Bill Rancic Defends His Wife Giuliana After Fashion Police Controversy: 'I Tried to Get Them to Release the Footage' 42 years, 2,191 covers and 55,436 stories from PEOPLE magazine's history for you to enjoy
- Size-28 Fashion Blogger Hits Out at 'Trolls' who Body Shamed Her for Wearing a Swimsuit
- Read the Cover Story: Steve Harvey: From Homeless to Having It All
- The Very Best Celebrity Food Photos of the Week
- T.I.'s 'Heart Is Heavy Today' as Troy Ave Arrested and Charged in Concert Shooting After Video Shows Rapper Firing Gun
- The Cutest Baby Footwear We Wish Was Made in Our Size
On Newsstands Now
- Matthew McConaughey: In His Own Words
- Jessa Duggar's Wedding Album
- Brittany Maynard's Final Days
Pick up your copy on newsstands
Click here for instant access to the Digital Magazine
People Top 5
LAST UPDATE: Tuesday February 10, 2015 01:10PM EST
PEOPLE Top 5 are the most-viewed stories on the site over the past three days, updated every 60 minutes
- May 17, 1999
- Vol. 51
- No. 18
Vickie immediately thought of Kelsey when Vickie's son T.J., an 18-year-old senior at a neighboring school, reached her at the Denver restaurant where she was lunching with a friend and told her two guys with guns were shooting up Columbine. "We just ran out of there," says Bane. "I'm not even sure if we paid."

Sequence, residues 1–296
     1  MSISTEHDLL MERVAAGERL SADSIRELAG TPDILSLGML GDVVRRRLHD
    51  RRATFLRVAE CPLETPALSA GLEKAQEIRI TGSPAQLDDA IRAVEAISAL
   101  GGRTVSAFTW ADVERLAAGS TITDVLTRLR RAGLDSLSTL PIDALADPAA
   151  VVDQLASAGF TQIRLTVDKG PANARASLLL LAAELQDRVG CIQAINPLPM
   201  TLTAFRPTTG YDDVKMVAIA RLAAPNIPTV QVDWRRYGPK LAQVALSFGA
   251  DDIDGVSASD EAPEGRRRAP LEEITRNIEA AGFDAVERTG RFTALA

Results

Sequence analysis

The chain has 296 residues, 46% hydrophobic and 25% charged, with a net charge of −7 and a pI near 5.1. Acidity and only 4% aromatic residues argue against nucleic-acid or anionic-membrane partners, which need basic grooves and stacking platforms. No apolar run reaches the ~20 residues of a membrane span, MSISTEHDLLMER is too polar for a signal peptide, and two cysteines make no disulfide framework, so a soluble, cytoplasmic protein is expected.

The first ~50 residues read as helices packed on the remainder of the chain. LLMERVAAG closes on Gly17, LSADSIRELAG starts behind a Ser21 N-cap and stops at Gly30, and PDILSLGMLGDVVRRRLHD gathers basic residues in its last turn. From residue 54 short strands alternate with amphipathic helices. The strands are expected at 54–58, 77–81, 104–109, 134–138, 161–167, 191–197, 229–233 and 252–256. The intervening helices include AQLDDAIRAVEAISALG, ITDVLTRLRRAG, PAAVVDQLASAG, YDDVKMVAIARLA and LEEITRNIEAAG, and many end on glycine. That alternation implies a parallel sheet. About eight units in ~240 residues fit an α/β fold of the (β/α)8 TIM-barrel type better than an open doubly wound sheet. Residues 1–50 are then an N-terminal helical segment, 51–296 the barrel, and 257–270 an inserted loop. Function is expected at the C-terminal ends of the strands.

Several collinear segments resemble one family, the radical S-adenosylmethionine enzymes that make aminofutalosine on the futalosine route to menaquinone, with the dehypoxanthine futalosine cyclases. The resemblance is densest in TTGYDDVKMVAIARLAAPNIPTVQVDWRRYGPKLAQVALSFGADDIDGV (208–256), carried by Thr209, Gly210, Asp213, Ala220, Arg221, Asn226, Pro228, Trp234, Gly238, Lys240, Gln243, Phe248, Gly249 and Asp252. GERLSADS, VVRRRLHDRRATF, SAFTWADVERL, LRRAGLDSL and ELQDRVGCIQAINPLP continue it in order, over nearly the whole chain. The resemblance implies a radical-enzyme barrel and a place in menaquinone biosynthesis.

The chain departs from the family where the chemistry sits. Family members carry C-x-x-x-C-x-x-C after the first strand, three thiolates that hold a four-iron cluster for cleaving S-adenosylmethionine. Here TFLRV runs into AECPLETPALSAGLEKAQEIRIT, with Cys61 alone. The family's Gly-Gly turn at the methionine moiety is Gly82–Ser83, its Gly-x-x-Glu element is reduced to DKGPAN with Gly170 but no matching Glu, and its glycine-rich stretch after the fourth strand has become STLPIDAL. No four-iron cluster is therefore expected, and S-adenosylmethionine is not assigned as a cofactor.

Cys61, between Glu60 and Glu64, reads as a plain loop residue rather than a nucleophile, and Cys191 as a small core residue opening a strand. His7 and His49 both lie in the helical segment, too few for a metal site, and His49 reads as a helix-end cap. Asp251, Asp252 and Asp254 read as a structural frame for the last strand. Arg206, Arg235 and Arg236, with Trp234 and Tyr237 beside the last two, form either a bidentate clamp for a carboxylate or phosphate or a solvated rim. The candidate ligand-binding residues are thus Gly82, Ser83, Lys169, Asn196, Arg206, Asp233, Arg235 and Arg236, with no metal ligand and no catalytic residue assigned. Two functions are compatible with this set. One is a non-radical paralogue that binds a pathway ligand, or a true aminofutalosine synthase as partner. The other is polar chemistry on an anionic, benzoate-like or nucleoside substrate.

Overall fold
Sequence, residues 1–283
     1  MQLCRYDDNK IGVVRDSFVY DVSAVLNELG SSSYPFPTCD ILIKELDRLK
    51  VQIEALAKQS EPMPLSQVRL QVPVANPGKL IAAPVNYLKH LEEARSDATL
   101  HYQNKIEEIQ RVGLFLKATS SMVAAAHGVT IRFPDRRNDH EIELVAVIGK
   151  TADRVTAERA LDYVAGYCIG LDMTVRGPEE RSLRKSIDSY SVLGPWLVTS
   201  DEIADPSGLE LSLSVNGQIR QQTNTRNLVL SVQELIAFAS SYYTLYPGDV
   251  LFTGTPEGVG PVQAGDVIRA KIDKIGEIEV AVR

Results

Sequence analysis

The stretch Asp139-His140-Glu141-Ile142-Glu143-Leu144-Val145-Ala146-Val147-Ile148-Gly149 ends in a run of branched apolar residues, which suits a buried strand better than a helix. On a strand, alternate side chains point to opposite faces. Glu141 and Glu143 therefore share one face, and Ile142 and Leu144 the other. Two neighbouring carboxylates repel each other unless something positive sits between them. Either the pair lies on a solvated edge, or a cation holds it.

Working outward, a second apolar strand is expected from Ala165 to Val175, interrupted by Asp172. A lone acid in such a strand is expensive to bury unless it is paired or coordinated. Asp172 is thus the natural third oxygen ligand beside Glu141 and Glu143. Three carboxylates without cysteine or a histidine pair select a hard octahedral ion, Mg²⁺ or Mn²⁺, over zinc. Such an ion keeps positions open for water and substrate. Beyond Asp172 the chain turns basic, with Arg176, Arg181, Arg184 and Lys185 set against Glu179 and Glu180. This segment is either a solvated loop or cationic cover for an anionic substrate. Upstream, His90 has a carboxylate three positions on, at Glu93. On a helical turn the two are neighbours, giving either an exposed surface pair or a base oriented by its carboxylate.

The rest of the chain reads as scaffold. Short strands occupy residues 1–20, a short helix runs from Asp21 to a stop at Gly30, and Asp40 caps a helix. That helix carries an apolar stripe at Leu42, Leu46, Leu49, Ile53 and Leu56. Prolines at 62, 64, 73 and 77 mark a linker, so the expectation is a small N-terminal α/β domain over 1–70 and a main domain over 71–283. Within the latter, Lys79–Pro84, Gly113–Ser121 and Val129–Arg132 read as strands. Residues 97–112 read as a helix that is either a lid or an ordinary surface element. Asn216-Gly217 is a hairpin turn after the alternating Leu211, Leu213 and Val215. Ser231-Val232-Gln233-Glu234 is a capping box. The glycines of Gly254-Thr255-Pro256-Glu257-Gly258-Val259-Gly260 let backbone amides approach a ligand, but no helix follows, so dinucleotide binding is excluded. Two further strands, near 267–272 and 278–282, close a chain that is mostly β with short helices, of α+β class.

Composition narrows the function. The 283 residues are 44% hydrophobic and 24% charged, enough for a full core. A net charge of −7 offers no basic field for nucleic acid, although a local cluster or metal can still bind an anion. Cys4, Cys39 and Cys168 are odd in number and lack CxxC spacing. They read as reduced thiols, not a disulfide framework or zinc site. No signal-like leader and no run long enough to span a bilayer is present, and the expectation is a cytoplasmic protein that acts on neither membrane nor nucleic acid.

Heading straight for Columbine, 30 minutes away, Bane phoned our West Coast deputy bureau chief Meg Grant to alert her. Says Grant: "She did what any good reporter would do. She picked up her notebook and started working." Bane also reached Kelsey's mother and learned that her niece was safe. "Kelsey was very lucky," says Bane. "She had just stopped in the cafeteria for lunch and was near the entrance, so she was able
to get out unharmed."
Bane interviewed distraught parents gathered outside the school, where more than 250 students were trapped. That she was operating on her home turf was both a help and a hindrance. "It helps because I have great connections and credibility," she says. "It hinders because I'm even more emotionally involved."
To complete her reporting for our May 3 cover story and this week's follow-up on a group of Columbine teachers (see page 68), Bane endured the sort of physical stress—working 48 hours at a stretch without sleep—she associates with her days at Colorado State University, where she earned a journalism degree in 1969. But for this mother of two—she and husband David, a systems administrator, also have a 22-year-old son, Jason, an aspiring journalist—the emotional toll was even more taxing. Recalling a recent visit to the impromptu memorial near Columbine, she says, "I'm okay by the flowers. But by the school I find myself holding back sobs because of the fear the kids must have felt." Grateful for her outstanding work and dedication, we can only hope there will never again be a story such as this one for her to cover.
Treat Yourself! 4 Preview Issues
The most buzzed about stars this minute!